By the time of the Battle of Kurukshetra, Saini’s grandson Satyaki, now a king of the Vrishnis, was allied with the Pandava army while Bhurishravas, now aged, sided with the Kauravas and was one of the eleven commanders of the Kaurava army.
On the 14th day of the battle Bhurishravas challenged Satyaki. When Satyaki began to tire after a long and bloody battle, Bhurishravas battered him and dragged him across the battlefield. Arjuna, the leading warrior on the Pandava army, was alerted to Satyaki’s danger by Lord Krishna. Just as Bhurishravas was preparing to kill Satyaki, Arjuna came to the rescue, shooting an arrow cutting off Bhurishravas’ arm.
Bhurishravas wailed that by striking him without a formal challenge, and from behind, Arjuna had disgraced the honor between warriors. Arjuna in turn rebuked Bhurishravas for attempting to kill an unarmed Satyaki – an act also against the rules of war. Arjuna reiterated that protecting Satyaki’s life at all costs was his responsibility as a friend and comrade in arms.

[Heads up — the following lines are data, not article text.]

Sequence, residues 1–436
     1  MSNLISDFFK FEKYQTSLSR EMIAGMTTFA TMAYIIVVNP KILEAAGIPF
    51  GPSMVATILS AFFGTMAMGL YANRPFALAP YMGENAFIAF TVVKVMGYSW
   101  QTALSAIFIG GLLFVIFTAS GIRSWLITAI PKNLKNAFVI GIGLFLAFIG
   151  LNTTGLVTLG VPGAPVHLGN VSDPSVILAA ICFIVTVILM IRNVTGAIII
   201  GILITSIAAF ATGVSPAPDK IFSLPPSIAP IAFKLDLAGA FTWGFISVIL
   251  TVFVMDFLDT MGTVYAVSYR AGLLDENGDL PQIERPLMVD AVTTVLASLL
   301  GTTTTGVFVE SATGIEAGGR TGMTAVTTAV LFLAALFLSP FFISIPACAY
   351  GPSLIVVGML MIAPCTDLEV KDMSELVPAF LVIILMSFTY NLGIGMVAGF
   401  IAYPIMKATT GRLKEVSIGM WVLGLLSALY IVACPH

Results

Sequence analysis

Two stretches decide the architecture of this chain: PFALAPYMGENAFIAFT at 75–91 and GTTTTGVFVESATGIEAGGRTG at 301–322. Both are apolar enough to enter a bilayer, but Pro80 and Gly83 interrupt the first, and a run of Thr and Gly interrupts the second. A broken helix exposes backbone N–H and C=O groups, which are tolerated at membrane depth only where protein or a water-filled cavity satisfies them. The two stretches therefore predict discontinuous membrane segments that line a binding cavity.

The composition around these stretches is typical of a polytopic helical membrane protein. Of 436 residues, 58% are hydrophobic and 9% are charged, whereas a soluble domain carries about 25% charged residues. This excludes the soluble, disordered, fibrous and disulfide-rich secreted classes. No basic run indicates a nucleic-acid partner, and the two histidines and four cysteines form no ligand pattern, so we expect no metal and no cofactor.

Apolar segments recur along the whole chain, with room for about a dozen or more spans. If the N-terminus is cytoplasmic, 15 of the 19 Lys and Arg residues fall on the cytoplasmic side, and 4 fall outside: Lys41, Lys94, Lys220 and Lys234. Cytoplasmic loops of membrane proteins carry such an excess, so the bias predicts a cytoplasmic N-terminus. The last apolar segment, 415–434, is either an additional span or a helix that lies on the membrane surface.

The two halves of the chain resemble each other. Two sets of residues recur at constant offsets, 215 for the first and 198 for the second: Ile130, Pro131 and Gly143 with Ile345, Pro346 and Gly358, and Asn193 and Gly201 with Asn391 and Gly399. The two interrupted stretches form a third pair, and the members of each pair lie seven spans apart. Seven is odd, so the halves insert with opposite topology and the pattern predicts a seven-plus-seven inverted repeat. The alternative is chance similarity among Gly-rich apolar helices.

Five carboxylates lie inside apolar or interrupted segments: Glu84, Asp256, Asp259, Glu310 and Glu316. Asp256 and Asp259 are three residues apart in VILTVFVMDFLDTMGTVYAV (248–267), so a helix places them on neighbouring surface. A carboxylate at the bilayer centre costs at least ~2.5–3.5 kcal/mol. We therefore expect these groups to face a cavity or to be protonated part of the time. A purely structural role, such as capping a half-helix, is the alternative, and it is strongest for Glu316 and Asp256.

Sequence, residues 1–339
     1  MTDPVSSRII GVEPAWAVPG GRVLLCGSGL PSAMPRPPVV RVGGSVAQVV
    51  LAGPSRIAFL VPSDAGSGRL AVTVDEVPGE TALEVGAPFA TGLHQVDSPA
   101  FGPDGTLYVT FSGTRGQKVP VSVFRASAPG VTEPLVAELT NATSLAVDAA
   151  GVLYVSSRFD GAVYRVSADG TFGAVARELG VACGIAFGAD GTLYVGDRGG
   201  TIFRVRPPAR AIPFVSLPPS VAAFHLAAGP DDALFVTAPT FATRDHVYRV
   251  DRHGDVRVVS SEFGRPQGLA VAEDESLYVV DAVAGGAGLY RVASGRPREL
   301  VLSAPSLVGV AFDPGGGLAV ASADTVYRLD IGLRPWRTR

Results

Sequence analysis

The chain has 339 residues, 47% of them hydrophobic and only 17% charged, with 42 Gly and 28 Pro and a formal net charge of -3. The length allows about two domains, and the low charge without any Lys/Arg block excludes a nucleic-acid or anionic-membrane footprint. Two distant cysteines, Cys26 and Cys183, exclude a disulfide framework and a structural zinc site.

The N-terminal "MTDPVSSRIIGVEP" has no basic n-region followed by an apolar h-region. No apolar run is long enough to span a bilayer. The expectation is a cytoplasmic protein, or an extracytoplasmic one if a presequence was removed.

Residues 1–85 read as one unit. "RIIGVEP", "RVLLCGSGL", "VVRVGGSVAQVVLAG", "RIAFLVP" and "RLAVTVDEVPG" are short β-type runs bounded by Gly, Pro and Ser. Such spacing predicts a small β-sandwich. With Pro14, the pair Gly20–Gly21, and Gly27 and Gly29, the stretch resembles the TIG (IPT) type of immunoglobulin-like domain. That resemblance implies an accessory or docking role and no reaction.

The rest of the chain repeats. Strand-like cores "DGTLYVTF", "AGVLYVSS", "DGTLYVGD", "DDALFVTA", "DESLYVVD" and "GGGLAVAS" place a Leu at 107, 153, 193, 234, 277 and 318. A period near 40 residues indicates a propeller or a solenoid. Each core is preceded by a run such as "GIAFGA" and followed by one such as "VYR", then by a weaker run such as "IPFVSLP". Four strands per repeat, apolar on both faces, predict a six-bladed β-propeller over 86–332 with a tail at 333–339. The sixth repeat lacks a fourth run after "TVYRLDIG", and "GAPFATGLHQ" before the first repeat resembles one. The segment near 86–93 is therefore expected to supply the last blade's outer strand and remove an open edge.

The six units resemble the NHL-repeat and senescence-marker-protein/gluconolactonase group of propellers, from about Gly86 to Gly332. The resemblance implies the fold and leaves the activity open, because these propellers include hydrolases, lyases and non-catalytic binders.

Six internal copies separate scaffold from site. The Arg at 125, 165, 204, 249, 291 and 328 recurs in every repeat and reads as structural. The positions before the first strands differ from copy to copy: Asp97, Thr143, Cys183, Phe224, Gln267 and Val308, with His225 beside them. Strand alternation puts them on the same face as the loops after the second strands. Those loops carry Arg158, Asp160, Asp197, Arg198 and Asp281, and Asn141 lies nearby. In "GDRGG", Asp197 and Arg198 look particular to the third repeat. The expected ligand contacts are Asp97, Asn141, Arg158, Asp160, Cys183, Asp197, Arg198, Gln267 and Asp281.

At this point, realising his folly, Bhurishravas laid down his weapons, and sat in the lotus posture to practice yoga.
But then Satyaki emerged from his swoon, and before Arjuna could stop him, swiftly decapitated his enemy.
The warriors on both sides of the battle universally condemned Satyaki for this act – one of the incidents in the epic showing the superiority of dharma and honor against the uncontrollable power of hatred. Symbolically, as Bhurishravas’ attempt to kill the unarmed Satyaki immediately resulted in his own death in the same manner, Bhurishravas can be seen as representing the binding effects of one’s material actions (karma).
Source – Wikipedia